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Hasil cari dari kata atau frase: amplitude (0.01226 detik)
Found 4 items, similar to amplitude.
English → Indonesian (Kamus Landak) Definition: amplitude amplitudo
English → Indonesian (quick) Definition: amplitude lebar, luas
English → English (WordNet) Definition: amplitude amplitude n 1: (physics) the maximum displacement of a periodic wave 2: the property of copious abundance [syn: bountifulness, bounty] 3: greatness of magnitude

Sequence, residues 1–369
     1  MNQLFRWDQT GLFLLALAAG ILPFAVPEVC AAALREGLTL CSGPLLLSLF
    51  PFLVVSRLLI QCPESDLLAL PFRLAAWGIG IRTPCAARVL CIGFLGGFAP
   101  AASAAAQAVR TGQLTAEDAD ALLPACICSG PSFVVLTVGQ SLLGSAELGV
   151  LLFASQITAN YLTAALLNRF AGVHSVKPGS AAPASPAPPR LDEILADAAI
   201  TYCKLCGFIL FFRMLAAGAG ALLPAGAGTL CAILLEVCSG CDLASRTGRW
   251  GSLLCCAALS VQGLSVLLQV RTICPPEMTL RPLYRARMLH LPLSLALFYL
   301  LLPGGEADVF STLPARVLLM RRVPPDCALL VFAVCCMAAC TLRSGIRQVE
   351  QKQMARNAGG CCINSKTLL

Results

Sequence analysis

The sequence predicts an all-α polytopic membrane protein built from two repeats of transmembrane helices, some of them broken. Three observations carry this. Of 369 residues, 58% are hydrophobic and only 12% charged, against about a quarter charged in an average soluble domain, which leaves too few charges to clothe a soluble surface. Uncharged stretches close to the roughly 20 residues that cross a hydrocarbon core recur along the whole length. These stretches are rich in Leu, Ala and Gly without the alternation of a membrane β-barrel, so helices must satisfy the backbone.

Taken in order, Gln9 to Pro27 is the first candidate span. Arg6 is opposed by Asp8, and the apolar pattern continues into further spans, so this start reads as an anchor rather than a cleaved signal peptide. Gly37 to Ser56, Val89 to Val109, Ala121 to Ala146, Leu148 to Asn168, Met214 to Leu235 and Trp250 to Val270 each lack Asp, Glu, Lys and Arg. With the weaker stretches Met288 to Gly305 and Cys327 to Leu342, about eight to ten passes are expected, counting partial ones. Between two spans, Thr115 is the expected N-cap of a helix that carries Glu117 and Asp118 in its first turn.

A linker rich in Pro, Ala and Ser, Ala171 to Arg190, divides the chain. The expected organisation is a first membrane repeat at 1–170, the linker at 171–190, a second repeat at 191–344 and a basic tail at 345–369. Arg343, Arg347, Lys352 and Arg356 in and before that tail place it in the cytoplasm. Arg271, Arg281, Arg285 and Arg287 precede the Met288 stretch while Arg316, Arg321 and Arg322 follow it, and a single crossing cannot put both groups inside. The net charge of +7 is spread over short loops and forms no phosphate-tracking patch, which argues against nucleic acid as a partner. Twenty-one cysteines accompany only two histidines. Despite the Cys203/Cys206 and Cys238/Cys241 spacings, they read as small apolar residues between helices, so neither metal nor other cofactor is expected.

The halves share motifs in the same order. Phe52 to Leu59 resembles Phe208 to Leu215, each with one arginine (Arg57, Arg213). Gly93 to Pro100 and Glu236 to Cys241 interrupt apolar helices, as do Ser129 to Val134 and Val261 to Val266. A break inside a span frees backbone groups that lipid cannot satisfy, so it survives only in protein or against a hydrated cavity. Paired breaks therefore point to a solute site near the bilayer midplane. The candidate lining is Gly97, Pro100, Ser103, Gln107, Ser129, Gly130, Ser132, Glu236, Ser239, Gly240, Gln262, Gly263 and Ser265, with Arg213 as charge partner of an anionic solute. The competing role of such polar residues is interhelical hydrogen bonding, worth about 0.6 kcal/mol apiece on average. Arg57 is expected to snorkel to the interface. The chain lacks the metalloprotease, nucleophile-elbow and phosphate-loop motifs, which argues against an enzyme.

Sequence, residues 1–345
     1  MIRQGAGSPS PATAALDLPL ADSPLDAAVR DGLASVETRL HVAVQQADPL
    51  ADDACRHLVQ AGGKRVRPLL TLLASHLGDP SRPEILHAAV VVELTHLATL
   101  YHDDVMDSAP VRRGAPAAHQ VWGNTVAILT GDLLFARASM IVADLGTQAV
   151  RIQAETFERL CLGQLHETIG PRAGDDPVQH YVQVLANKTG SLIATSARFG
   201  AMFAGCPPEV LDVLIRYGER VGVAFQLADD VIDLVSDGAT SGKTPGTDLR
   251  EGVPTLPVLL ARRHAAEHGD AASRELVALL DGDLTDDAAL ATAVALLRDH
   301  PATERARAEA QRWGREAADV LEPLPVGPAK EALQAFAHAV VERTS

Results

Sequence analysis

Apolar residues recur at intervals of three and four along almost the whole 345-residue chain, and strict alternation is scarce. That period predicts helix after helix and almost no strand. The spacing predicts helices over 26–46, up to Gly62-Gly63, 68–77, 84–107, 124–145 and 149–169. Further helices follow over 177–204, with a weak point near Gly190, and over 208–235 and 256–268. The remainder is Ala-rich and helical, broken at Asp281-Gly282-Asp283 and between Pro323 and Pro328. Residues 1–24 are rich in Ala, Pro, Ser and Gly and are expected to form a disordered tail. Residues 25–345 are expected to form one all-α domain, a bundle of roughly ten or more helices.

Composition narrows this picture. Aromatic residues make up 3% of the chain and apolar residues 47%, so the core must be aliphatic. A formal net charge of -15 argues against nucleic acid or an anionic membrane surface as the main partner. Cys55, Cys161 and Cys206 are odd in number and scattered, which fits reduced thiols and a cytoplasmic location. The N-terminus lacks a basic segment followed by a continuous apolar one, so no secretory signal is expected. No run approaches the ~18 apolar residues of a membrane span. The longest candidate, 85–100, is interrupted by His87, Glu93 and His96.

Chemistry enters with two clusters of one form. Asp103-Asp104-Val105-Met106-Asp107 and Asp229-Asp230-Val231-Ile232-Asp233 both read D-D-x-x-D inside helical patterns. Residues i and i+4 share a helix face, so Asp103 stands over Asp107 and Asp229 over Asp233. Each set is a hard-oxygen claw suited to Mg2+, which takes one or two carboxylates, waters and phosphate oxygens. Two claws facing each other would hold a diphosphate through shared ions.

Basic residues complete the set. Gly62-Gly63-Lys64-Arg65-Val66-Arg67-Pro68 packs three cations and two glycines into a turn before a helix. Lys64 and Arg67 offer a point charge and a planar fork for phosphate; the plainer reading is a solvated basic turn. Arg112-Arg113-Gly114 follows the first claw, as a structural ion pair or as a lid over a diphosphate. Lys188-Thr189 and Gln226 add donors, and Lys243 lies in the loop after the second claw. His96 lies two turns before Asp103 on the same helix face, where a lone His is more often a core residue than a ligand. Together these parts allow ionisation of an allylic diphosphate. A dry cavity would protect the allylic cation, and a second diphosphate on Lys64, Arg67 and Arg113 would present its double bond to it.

English → English (gcide) Definition: Amplitude Amplitude \Am"pli*tude\, n. [L. amplitudo, fr. amplus: cf. F. amplitude. See Ample.] 1. State of being ample; extent of surface or space; largeness of dimensions; size. [1913 Webster] The cathedral of Lincoln . . . is a magnificent structure, proportionable to the amplitude of the diocese. --Fuller. [1913 Webster] 2. Largeness, in a figurative sense; breadth; abundance; fullness. (a) Of extent of capacity or intellectual powers. “Amplitude of mind.” --Milton. “Amplitude of comprehension.” --Macaulay. (b) Of extent of means or resources. “Amplitude of reward.” --Bacon. [1913 Webster] 3. (Astron.) (a) The arc of the horizon between the true east or west point and the center of the sun, or a star, at its rising or setting. At the rising, the amplitude is eastern or ortive: at the setting, it is western, occiduous, or occasive. It is also northern or southern, when north or south of the equator. (b) The arc of the horizon between the true east or west point and the foot of the vertical circle passing through any star or object. [1913 Webster] 4. (Gun.) The horizontal line which measures the distance to which a projectile is thrown; the range. [1913 Webster] 5. (Physics) The extent of a movement measured from the starting point or position of equilibrium; -- applied especially to vibratory movements. [1913 Webster] 6. (math.) An angle upon which the value of some function depends; -- a term used more especially in connection with elliptic functions. [1913 Webster] Magnetic amplitude, the angular distance of a heavenly body, when on the horizon, from the magnetic east or west point as indicated by the compass. The difference between the magnetic and the true or astronomical amplitude (see 3 above) is the “variation of the compass.” [1913 Webster]


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